To my surprise, a few common themes seemed to emerge in the conversations about graduates. The first is the sense among most architectural employers that recent graduates are less engaged with architectural culture and that there is an expectation amongst them that they will land a job in an office as a “young” and “emerging” designer leading a project team. Amazingly, for whatever reason, young architects think that they will design. Interesting to think some recent graduates think they will be leading project teams. Especially, given the widespread and prevailing dislike of group work by students. But hey, maybe that’s only in the practice class.

Others are under the illusion that they will be working the fablab machines and robots when they make the transition to practice.

I haven’t looked lately, but I am not sure how many offices have robots or are part of prefabricated supply chains. But shit hey; there is nothing wrong with learning how to code for that brave new future that the technology nutters are telling us will happen. With any luck, we might even get a few future Architects who will understand how to interrogate AI algorithms. But as argued below it is all about balance; and if architects can’t learn to manage new technologies, as compared to merely executing the technologies, then we architects will end up being next too useless.

I think making the transition from postgraduate architecture school to a working life in architecture is a pretty hard thing to do. Its not a great sapce to be in even when the employment market is bouyant. So, if you are a graduate student, here a few things you can do now to make the transition easier.

The first rule is balance

Don’t sacrifice all of your subjects for the design trophy. Keep things in balance. Being fixated on design marks actually means nothing once you graduate. Your final year marks are only one thing that architectural employers will take into consideration. What is more important is where you are positioned in your career two years out after graduation. Are you a BIM monkey drone at that point or are you beginning to assume responsibility and leadership in various practices? Do you have a strategy for your career?

You need to focus on the other things if you are to survive in a competitive marketplace: Architectural Practice (of course), History and Theory and Construction (and that doesn’t mean hanging out with the 3D printers). If you don’t know any of those things or pay little attention to them, you may not necessarily learn them in practice. Moreover, it will take an employer longer to teach you those things. As one practitioner said to me “the recent graduates are loss makers” because even though they are enthusiastic about design, they are too slow doing the other things” You need to balance your time and efforts across everything. Don’t get sucked into the design vortex.

Get with the culture

If you are going to think that you are some kind of star designer, then become one properly. Pick the hardest studios to do, expand your design skill base each time you do a studio at architecture school. Become involved in the local culture of your architecture school. Join SONA. Hang out at architectural events and be engaged. Go to the nearest peer awards presentations. Be interested in the latest architectural and urban controversies. Sitting at home on your computer with the Rhino or Revit family catastrophe is one of the most boring things you can do. You might even get off your computer and organise a studio space with your fellow travellers.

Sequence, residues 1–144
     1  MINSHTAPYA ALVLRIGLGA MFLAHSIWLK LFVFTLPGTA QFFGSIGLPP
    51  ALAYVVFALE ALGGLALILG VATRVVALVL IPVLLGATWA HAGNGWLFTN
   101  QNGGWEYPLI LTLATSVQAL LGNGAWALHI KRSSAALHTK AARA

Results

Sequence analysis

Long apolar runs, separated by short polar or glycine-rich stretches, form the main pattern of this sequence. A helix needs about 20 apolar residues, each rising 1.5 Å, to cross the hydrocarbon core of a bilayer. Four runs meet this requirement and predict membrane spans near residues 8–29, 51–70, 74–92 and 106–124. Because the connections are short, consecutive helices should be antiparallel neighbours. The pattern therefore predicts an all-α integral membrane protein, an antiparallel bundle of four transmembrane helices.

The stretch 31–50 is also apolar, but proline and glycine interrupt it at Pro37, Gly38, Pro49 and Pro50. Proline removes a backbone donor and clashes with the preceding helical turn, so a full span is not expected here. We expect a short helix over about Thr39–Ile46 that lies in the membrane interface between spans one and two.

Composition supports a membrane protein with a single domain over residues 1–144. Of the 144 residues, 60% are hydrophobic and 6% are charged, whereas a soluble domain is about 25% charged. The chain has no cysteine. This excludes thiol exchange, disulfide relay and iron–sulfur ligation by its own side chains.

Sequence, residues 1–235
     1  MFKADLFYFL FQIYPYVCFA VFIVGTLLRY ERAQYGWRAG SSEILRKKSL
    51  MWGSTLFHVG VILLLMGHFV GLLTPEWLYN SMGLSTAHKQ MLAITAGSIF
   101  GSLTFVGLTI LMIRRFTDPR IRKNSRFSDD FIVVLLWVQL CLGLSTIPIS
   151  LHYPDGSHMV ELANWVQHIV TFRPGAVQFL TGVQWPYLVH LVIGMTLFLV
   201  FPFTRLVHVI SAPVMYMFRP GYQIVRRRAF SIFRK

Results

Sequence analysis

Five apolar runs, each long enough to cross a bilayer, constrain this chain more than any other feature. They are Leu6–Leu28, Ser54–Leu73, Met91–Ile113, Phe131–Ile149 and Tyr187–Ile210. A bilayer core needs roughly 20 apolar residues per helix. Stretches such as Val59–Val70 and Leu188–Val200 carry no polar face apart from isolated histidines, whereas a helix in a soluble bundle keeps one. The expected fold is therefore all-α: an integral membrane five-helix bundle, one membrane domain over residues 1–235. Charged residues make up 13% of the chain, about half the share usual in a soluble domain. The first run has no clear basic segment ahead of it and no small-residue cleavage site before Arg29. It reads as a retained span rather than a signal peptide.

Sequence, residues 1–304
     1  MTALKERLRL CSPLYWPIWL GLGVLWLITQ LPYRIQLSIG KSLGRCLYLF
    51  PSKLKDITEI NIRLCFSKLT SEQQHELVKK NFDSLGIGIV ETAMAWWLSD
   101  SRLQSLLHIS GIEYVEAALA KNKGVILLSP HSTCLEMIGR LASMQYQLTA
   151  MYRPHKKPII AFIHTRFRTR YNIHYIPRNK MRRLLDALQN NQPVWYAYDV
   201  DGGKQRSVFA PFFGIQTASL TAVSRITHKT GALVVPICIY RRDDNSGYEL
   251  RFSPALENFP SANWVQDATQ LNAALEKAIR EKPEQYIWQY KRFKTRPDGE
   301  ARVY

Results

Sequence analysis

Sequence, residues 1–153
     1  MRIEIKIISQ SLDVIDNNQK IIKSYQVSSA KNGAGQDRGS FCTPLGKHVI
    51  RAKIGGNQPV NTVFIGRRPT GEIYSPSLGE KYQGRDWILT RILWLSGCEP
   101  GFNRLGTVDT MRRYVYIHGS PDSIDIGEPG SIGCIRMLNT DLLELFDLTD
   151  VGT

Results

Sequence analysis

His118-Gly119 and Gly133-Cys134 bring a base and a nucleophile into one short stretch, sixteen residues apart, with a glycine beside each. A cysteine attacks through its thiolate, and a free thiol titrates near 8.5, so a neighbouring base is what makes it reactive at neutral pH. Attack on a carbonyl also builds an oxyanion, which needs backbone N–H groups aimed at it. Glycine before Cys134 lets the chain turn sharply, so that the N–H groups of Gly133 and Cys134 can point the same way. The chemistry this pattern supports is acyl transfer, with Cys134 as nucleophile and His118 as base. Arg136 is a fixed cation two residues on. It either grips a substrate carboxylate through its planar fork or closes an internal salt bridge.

By getting involved with architectural culture, you will help to change it.

Build a profile 

Every architectural employer will look at your social media feeds to see how you fit into the culture of their practice. If your Instagram account is full of images with you taking selfies in bathrooms, skulling alcohol out of the red plastic cups, dancing at the toga parties, or latching onto a bong-pipe or vomiting in stretch limos while wearing the hire tuxedo then maybe it is not such a good look. Keep your professional profile separate from your personal one.

You need to build a “professional” profile. There best way to do this is through social media. Choose which avenues will best help you to do this. This engagement can be great as it is your opportunity to show what you are interested in on Instagram or Pinterest or Linked-In.

Get work experience while studying

Yes, sacrifice that precious studio design time and get a job in an architects office while you are studying. And that doesn’t mean getting a job that is some low-rent unpaid exploitative internship. DON’T EVER WORK FOR NOTHING. Most architectural employers enjoy having students around. Usually, they will actually think your quite smart and will be interested in your views on architecture. But that doesn’t mean you will be designing the latest Opera House.  You will learn more about design in an architects office than you might in a graduate school architectural studio. Of course, it depends on the office and the studio. This is why the balance between the two is so important.

 Be enthusiastic about doing stuff

Oh, and be sober at the job interview: Someone I know who was struggling to find a job in the early 90s recession swallowed a whole lot of homemade hallucinogenic cookies. About ten minutes later the phone rang, and the architectural firm asked if he wanted to come in for a job interview later that afternoon. He said sure. The time was just about when the cookies started to take hold. The rest is history, needless to say, he did not get the job.